[Editor’s note: This story originally was published by Real Clear Wire.]
By Michael Fincher
Real Clear Wire
The conflict in Ukraine exposes the Biden administration’s thinking as wildly naïve and completely unprepared for a conflict NATO spent seventy years expecting and preparing to fight. The United States now seems woefully unprepared for a war it isn’t even fighting.
A year and a half ago Western nations sanctioned and seized official Russian assets and those of private citizens. They also pulled Western corporations out of Russia; stopped working with banks and trading currency; and the West largely banned Russian nationals from private associations and sporting events. Russia was hit with nearly every sanction and condemnation imaginable, their Nordstream pipeline was even destroyed, their people are demonized by American and European officials and by groups of citizens on the internet.
Realists and skeptics suggested early on that these approaches would prove counterproductive, and they were correct; sanctions completely failed to slow or stop the conflict. Instead, Ukraine is a meatgrinder that is eating depleting critical stockpiles of American and European munitions.
Russia suspended participation in the 2010 New START Treaty in February of this year. The relationship between Russia, China, and other nations in Central Asia, the Middle East, Africa, and South America has never been stronger. The BRICS are gaining more influence, looking for ways to move off the Dollar as the currency of international trade, and recently, forty additional nations sought to join them. Bilateral trade between China and Russia has increased 40% from last year. American action has even managed to make Saudi Arabia and Iran friends.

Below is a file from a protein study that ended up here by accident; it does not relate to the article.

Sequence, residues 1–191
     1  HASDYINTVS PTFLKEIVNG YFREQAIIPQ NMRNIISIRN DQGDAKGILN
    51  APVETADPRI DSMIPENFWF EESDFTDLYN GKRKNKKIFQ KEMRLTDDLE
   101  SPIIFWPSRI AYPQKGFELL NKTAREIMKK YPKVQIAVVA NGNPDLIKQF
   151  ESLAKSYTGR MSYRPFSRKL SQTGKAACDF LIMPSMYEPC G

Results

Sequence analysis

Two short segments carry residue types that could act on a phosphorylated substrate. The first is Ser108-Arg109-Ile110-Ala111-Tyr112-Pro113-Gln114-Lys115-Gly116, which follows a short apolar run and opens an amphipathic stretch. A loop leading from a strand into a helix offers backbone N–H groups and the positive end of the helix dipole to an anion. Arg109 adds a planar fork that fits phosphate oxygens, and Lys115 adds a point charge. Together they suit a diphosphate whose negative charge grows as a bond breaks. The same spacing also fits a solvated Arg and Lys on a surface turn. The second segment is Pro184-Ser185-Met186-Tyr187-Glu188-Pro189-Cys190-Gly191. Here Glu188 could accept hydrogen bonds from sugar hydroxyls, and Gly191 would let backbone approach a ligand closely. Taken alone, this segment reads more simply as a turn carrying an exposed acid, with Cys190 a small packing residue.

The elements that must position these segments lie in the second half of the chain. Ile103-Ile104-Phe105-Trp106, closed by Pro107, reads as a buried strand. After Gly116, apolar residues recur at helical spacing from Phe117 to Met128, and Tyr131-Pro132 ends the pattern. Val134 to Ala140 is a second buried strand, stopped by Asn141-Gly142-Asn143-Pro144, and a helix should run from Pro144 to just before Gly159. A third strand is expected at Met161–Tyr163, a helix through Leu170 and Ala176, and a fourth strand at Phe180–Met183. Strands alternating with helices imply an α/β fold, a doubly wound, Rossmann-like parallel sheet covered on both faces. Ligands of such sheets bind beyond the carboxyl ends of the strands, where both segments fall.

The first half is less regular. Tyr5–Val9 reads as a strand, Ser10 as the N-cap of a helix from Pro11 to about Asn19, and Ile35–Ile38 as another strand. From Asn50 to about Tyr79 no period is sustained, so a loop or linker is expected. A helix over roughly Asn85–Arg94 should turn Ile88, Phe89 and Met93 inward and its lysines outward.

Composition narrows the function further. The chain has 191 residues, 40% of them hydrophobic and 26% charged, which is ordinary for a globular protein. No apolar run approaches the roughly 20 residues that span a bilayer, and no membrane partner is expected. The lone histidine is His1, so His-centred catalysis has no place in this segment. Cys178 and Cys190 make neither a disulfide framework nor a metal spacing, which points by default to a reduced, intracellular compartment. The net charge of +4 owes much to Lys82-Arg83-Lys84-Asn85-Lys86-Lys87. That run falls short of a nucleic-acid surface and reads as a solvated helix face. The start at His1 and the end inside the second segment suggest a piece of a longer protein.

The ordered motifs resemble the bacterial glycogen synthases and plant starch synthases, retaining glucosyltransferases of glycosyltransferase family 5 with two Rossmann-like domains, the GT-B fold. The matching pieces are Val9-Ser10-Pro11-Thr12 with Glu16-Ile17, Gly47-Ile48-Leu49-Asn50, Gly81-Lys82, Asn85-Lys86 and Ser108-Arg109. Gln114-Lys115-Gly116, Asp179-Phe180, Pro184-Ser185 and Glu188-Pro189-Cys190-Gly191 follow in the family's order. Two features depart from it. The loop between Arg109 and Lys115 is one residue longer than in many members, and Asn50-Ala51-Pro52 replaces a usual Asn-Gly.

Iran has also confirmed that they have enriched Uranium to 84% purity, just shy of weapons grade. In short, any attempt to deter America’s enemies and rivals has fallen flat on its face. Beyond strategic deterrence, the Biden administration’s multi-disciplinary approach to deterrence, integrated deterrence, is largely a failure.
The Oxford dictionary says that deterrence is “the action of discouraging an action or event through instilling doubt or fear of the consequences.” In discussions of political and military matters, deterrence is rarely discussed outside of the context of nuclear weapons.
When it comes to nuclear deterrence, the American way of thinking is to deter all uses of nuclear weapons—combined with policies limiting proliferation.
For instance, the fundamental purpose of NATO’s nuclear capability is to preserve peace, prevent coercion, and deter aggression. As long as nuclear weapons exist, NATO will remain a nuclear alliance. NATO’s goal is a safer world for all; the Alliance seeks to create the security environment for a world without nuclear weapons.
NATO member-states view deterrence primarily as a contest of demonstrating military strength, and they are wrong. Deterrence is a function of military capability x economic health x credibility x will. In short, deterrence success equals capability x commitment.
Capability is the actual capability of a nation, which factors in military personnel, technology, and quality of training. It also considers domestic economic health, which is critical in ensuring capability is sustained.